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Biochim Biophys Acta. 2006 Sep-Oct;1757(9-10):1406-20. Epub 2006 May 12.

Mitochondrial Complex I: structural and functional aspects.

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Department of Biochemistry, University of Bologna, Via Irnerio 48, 40126 Bologna, Italy.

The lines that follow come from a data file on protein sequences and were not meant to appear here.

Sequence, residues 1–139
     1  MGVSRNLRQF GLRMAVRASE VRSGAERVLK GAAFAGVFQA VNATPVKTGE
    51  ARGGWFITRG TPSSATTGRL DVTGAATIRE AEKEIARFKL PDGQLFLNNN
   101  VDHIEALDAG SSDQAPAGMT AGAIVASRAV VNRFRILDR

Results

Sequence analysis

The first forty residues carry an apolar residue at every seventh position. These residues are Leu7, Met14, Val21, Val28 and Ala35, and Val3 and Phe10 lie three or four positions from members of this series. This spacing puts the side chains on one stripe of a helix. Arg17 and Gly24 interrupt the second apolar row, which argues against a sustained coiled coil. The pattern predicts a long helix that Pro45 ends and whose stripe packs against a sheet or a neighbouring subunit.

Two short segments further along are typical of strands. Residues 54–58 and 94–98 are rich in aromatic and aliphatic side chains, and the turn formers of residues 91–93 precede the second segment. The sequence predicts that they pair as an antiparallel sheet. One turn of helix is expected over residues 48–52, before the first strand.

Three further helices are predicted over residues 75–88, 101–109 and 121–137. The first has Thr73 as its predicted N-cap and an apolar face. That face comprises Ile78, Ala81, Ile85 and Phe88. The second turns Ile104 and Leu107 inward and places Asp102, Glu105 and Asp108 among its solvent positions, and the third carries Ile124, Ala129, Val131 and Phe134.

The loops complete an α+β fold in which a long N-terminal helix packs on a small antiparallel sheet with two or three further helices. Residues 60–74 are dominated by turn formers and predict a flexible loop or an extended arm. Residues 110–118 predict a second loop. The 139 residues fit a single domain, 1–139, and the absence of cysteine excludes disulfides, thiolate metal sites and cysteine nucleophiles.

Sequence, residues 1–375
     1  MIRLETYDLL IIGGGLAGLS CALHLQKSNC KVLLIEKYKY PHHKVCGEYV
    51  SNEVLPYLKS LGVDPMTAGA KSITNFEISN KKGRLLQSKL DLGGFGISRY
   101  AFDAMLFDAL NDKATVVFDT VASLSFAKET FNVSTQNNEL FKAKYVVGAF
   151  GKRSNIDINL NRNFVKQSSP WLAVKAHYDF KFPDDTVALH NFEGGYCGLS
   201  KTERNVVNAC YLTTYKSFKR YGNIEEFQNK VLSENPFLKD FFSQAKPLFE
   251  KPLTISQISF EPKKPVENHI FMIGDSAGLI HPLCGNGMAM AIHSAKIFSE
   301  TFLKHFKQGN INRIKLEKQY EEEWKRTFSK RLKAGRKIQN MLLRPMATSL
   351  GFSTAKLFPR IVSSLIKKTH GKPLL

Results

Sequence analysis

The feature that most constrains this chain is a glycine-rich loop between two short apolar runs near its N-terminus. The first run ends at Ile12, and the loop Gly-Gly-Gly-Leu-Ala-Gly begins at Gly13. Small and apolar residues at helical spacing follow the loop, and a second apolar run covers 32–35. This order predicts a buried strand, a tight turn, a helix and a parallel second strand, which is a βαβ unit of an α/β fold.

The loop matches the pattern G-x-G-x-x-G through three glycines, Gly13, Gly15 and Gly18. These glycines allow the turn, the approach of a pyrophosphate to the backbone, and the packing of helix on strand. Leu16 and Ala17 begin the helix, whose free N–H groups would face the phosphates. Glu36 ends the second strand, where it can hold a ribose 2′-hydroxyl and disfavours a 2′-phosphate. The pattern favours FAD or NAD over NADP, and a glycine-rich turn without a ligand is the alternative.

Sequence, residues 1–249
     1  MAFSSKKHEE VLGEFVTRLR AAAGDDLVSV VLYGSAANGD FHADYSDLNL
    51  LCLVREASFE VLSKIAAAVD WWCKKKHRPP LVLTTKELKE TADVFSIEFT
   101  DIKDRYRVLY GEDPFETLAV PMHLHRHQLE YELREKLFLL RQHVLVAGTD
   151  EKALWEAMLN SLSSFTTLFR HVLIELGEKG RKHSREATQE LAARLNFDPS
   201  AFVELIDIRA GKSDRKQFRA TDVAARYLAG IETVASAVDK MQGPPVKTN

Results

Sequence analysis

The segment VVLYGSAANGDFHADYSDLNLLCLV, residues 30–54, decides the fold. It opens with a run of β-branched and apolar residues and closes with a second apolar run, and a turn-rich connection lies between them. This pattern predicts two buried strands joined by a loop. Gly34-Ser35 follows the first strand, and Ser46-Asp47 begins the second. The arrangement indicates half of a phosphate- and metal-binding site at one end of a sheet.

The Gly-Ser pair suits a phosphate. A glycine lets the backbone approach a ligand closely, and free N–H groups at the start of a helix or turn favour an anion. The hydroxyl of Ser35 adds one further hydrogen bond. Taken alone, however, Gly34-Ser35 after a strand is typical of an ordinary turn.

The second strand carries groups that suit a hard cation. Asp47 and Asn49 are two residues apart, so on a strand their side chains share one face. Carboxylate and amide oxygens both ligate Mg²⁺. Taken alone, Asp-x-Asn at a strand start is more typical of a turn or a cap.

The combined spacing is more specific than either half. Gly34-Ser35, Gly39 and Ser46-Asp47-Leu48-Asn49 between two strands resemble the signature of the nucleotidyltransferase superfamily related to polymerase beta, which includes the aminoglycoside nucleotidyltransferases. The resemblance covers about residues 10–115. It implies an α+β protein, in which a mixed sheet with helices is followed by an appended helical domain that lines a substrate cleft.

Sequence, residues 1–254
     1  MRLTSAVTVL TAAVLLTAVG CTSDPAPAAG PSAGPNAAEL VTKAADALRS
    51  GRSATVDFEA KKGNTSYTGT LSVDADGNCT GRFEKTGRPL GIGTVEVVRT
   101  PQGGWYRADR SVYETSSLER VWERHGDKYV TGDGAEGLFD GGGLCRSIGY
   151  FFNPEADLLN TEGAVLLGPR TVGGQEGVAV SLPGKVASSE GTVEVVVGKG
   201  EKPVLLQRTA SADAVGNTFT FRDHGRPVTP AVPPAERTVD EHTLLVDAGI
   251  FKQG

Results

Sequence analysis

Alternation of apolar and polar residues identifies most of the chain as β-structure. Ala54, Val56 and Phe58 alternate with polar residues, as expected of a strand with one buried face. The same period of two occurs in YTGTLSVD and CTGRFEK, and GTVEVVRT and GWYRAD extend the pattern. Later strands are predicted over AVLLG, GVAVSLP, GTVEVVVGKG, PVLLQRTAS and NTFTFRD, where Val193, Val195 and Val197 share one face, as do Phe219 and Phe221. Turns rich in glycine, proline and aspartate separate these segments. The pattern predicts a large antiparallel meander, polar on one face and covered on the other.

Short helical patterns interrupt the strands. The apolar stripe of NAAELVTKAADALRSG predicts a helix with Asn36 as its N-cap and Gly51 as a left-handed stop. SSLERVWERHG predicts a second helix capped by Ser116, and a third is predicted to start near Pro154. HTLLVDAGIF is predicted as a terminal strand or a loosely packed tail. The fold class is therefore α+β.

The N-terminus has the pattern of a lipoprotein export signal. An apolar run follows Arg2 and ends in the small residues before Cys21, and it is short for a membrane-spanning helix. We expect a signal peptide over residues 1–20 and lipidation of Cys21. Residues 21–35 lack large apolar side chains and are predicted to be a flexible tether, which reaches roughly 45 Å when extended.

This review examines two aspects of the structure and function of mitochondrial Complex I (NADH Coenzyme Q oxidoreductase) that have become matter of recent debate. The supramolecular organization of Complex I and its structural relation with the remainder of the respiratory chain are uncertain. Although the random diffusion model [C.R. Hackenbrock, B. Chazotte, S.S. Gupte, The random collision model and a critical assessment of diffusion and collision in mitochondrial electron transport, J. Bioenerg. Biomembranes 18 (1986) 331-368] has been widely accepted, recent evidence suggests the presence of supramolecular aggregates. In particular, evidence for a Complex I-Complex III supercomplex stems from both structural and kinetic studies. Electron transfer in the supercomplex may occur by electron channelling through bound Coenzyme Q in equilibrium with the pool in the membrane lipids. The amount and nature of the lipids modify the aggregation state and there is evidence that lipid peroxidation induces supercomplex disaggregation. Another important aspect in Complex I is its capacity to reduce oxygen with formation of superoxide anion. The site of escape of the single electron is debated and either FMN, iron-sulphur clusters, and ubisemiquinone have been suggested. The finding in our laboratory that two classes of hydrophobic inhibitors have opposite effects on superoxide production favours an iron-sulphur cluster (presumably N2) is the direct oxygen reductant. The implications in human pathology of better knowledge on these aspects of Complex I structure and function are briefly discussed.

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